At a packed and raucous hearing at the State House yesterday, students,
teachers, parents and union officials charged that a bill filed by Gov. Weld would lead to the demise of transitional bilingual education in Massachusetts.
But Weld administration officials insisted that the measure is only intended to revise the state’s 24-year-old bilingual education system to ensure that bilingual students attain the same high standard of achievement expected of all students under the 1993 Education Reform Act.
“If I thought for one moment this bill abolished bilingual education, I would not support it,” Education Commissioner Robert V. Antonucci told the Legislature’s Joint Committee on Education. “This bill does not do that.”
Weld’s bill would limit bilingual education to students whose “skills in English are substantially less developed than their skills in their native language.”
The measure also would allow school systems to use different approaches in teaching bilingual students, would require at least one-third of the day to be taught in English if the traditional method is used and limit bilingual education for a student to three years unless the student’s parents agree to a longer period.
State Police estimated that more than 2,000 people crowded Gardner Auditorium or demonstrated on the sidewalk outside during the daylong hearing.
Education Secretary Piedad Robertson, who had urged the crowd, in both French and Spanish, to calm down, said later, “For many reasons, the whole issue has gotten caught in the social and cultural heritage of students. . .
. They have been given a lot of false information.”
Rep. William Glodis (D-Worcester), who has filed bills to change the bilingual education system for seven years, called the existing system “a disservice to the people it is supposed to serve.”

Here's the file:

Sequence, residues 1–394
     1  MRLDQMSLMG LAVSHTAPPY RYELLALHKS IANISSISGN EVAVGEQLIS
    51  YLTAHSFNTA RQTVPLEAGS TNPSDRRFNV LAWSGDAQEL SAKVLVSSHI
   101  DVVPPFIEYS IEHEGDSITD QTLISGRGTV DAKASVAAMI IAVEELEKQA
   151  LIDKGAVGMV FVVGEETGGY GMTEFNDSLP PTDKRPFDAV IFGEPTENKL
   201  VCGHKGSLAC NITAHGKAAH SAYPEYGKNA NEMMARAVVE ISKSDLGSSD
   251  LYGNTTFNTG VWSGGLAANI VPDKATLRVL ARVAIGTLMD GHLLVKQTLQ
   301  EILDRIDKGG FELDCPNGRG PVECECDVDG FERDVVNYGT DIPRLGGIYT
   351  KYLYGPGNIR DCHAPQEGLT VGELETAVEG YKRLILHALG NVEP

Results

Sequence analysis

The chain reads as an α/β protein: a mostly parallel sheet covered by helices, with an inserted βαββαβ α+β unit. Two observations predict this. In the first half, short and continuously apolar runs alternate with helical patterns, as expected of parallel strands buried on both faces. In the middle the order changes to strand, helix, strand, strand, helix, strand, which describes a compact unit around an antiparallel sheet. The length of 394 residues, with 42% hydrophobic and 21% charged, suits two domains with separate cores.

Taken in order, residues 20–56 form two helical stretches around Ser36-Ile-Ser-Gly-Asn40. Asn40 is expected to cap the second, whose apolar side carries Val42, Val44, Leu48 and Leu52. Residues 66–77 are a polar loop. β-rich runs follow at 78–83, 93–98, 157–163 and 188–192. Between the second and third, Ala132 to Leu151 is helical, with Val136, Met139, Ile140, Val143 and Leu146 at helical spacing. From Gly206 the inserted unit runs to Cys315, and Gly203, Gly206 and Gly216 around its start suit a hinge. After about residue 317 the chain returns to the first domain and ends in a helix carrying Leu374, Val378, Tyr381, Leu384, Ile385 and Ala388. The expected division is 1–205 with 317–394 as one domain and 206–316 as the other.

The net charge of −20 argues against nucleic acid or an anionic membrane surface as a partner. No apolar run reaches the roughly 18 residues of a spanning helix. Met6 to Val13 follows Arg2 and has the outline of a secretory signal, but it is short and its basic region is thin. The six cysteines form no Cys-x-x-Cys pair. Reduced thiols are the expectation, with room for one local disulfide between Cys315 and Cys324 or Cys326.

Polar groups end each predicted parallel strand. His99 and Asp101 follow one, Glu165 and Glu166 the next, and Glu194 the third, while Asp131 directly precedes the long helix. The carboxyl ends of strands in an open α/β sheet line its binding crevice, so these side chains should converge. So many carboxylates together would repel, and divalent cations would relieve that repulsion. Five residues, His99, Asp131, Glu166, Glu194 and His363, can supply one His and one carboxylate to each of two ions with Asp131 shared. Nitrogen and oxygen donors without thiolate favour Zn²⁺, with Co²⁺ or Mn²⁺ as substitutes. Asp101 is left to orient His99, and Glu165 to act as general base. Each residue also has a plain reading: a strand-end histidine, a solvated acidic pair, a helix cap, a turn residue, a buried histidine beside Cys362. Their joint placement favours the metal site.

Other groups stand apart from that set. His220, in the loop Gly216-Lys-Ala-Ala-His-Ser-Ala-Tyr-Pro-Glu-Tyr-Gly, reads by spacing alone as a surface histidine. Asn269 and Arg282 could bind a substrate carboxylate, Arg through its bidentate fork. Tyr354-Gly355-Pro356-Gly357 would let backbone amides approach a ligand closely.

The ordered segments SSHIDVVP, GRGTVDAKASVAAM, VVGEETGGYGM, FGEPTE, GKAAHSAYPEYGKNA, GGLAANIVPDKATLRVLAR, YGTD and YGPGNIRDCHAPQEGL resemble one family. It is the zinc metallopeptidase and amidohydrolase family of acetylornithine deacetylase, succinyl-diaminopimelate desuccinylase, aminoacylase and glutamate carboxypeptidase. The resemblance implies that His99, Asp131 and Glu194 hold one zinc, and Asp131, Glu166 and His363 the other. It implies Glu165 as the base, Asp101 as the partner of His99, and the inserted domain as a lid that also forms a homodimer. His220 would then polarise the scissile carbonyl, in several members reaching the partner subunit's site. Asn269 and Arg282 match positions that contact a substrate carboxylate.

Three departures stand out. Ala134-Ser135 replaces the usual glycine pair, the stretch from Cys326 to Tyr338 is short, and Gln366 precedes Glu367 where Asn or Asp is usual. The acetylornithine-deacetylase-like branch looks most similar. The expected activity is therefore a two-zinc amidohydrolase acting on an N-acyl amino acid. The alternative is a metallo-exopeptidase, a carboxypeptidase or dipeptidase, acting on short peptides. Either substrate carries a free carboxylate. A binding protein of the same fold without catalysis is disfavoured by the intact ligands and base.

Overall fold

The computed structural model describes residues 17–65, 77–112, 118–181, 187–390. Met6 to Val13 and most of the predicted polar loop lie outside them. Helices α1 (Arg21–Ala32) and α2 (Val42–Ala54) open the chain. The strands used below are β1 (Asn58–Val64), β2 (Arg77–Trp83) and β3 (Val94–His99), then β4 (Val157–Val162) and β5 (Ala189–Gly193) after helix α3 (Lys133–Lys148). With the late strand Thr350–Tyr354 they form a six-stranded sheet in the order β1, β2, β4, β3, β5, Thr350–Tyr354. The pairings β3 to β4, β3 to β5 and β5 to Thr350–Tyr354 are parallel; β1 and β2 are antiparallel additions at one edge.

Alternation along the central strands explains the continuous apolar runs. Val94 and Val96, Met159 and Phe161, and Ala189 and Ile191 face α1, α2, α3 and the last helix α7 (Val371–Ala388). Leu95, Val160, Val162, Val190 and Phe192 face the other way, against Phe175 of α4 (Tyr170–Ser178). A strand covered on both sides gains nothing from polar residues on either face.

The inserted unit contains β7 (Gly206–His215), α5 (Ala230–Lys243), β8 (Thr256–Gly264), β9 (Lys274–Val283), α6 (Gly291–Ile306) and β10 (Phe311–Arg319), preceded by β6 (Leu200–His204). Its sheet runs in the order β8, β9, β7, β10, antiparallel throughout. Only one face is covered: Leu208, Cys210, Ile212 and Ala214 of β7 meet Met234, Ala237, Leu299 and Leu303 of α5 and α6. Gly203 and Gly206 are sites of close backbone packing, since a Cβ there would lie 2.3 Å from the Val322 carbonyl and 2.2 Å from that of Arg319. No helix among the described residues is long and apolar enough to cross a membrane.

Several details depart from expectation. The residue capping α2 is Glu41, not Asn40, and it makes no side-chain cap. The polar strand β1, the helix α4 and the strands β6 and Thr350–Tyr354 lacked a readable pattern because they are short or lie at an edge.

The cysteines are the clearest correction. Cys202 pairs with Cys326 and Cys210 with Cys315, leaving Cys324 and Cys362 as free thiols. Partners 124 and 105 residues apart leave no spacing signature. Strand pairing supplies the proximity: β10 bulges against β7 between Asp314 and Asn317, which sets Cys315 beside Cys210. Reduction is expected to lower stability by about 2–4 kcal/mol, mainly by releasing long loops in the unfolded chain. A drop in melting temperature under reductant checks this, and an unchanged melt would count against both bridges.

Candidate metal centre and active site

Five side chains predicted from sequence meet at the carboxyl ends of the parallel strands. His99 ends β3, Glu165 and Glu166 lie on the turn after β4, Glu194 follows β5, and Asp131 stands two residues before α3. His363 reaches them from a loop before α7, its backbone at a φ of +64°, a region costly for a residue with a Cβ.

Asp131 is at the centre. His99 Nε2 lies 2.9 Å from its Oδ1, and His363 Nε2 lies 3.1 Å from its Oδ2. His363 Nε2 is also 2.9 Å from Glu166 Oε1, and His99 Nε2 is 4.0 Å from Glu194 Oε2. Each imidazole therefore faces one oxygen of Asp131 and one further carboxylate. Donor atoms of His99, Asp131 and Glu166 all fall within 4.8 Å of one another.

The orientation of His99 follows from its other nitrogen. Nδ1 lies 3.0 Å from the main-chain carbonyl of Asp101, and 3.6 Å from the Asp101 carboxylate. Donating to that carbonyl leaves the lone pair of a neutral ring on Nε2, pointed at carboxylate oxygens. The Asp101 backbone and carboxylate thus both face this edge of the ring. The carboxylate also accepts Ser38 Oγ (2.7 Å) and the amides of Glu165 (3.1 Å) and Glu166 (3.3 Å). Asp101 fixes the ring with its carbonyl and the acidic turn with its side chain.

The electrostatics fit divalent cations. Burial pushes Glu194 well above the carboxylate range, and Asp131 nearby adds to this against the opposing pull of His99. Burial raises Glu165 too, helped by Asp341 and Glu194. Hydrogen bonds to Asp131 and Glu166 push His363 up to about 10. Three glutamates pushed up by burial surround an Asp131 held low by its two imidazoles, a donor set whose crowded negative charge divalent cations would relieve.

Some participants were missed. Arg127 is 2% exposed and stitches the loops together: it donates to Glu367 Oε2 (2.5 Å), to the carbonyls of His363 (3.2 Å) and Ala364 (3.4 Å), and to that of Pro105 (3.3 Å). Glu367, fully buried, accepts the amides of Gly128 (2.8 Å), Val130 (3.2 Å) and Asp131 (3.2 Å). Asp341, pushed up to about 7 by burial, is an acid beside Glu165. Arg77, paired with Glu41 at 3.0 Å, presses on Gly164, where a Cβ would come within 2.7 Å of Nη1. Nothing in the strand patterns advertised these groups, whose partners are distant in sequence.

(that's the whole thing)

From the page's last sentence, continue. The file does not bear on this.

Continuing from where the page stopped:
Students “already know their native tongue. All I want them to do is learn English and in the transitional bilingual education programs in this state they are not learning English,” Glodis said.
Sen. Marc Pacheco (D-Taunton) testified, however, that bilingual education has worked, saying that before the state mandated the program in 1971, the dropout rate for bilingual students hovered between 70 and 80 percent. Now,
he said, the bilingual student dropout rate is the same as that for other students.
Kathleen Kelley, president of the Massachusetts Federation of Teachers, said that the governor’s bill “does not improve bilingual education, but begins to dismantle it step by step.” Students and graduates of bilingual education programs held up their own experiences as evidence of the success of existing programs.
Ernst Guerrier, 26, said that he could not speak or understand English when his family emigrated from Haiti 10 years ago, but with five years of bilingual education, he is now an associate in a Boston law firm.
“If you take away the bilingual program, you will deny the successes of tommorrow. The bilingual program works, or I would not have been able to testify before you today,” Guerrier said.
In 1971, Massachusetts became the first state to require that transitional bilingual education be provided to students whose first language is not English so that they would not fall behind academically.